Twins are hard. Most parents can imagine some balance with a newborn because one baby means, at least some of the time, you get a break. But with twins, it can feel like you are tag teamed!
Even with two adults in the house, having two babies is different than having one. Most twin experts will share that two babies mean the ability to be “flexible” with their day-to-day schedule is no longer possible. Because if you imagine 15 minutes of a nap stretched here or 30 minutes of pushing a meal there – all of a sudden, your kids are operating precisely like a tag-team duo! And that isn’t sustainable.
Some good news – most parents of twins agree that getting through the 1st year is the hardest, and it starts to feel less overwhelming through the 2nd. There are fewer wakeups at night, extended spaces between feedings, and real food means fewer bottles to wash! But until then, here are some top tips for parenting twins as you get into your groove.
1.You won’t need to buy two of EVERYTHING, but…
you will need two of the essentials:
- car seats
- swaddles (even more in reality because – spit up)
- diaper bags (so you can take them out separately!)
- high chairs
- babywearing devices
2.When you can have help, accept it!
Be it free help, or help you hire, say yes. Extra hands can always wash up, hold a baby, or feed a baby. And if the support is a professional, you can get a deserved break to sleep, or do any other thing you and your partner want to do. Grandparents are great, trading babysitting with other couples with multiples can be an ongoing way to foster reata friendship, or working with a postpartum doula are all great ways to have help!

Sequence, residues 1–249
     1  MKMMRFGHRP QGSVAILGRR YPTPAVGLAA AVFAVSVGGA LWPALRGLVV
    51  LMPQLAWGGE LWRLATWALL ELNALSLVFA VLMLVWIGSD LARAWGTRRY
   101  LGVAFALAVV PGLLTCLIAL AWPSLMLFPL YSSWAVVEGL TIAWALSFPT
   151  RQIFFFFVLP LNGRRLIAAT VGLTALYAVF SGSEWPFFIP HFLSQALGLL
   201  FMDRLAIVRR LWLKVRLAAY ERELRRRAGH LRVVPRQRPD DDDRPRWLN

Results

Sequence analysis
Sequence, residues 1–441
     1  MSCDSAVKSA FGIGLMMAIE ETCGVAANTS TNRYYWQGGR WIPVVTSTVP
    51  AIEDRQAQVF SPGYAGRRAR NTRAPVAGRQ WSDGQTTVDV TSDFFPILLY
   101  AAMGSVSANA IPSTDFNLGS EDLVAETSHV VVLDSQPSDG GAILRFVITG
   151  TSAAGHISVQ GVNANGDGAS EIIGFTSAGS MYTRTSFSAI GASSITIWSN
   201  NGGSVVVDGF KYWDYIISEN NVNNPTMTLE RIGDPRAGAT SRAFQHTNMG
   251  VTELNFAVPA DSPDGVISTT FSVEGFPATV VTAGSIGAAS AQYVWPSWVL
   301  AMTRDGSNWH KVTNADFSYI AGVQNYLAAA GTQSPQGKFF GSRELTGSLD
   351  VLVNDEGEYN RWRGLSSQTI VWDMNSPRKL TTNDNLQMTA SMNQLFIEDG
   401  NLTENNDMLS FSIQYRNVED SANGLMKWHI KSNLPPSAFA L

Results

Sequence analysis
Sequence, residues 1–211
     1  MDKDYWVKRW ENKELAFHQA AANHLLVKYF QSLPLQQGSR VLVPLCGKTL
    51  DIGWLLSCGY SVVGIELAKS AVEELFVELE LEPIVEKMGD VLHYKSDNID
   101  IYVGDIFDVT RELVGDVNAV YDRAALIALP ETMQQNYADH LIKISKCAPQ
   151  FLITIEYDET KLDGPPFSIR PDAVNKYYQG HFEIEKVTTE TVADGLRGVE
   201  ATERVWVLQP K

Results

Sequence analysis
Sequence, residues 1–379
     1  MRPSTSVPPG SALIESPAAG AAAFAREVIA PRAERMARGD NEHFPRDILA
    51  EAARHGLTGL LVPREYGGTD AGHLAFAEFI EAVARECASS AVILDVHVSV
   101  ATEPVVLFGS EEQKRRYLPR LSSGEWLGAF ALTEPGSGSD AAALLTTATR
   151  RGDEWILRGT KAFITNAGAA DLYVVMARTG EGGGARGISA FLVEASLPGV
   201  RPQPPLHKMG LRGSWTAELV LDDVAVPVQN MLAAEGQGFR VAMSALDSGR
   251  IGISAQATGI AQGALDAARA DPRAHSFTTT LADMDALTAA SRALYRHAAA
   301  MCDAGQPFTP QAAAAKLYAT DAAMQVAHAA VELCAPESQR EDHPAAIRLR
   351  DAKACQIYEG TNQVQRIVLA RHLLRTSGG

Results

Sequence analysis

3. Autonomy vs. Twin Identity
Your babies may have shared a womb, but they are individuals. Try to allow them time to learn about things both with their sibling and apart. Treating them as an individual and as a part of a duo will help them understand how they fit into their special corner of the world.
4. Feeding support
If you are planning to breastfeed, parents and experts advise working with a lactation consultant early to develop healthy expectations and safe plan. The additional information from an IBCLC can also help you understand the unique situation you and your family are in and not general information shared in twin groups and books.
5. Schedules and organization and staggering, oh my!
Most twin families swear by living on a schedule for order, predictability, and to keep the kids working together – instead of that tag team business we mentioned above.
But that doesn’t mean you have to wake both babies to eat or have two babies on a changing table at a time! Think more like when one baby wakes, feed that baby, then wakeup the other, staggered by about 15-20 minutes. What doesn’t work is feeding one baby, and waiting until the other baby wants to wake up on his or her own – that is when opposite schedules start, and it’s hard to get back in sync.
6. Three words, “Hand me downs.”
We’re not saying you can’t have new items for your babies. But expand your thinking to include hand-me-downs, because in the first years, your babies will be going through a lot of clothing. And sometimes, it’s okay if another baby spits up on that onesie before your baby spits up on it – with laundering in between, of course.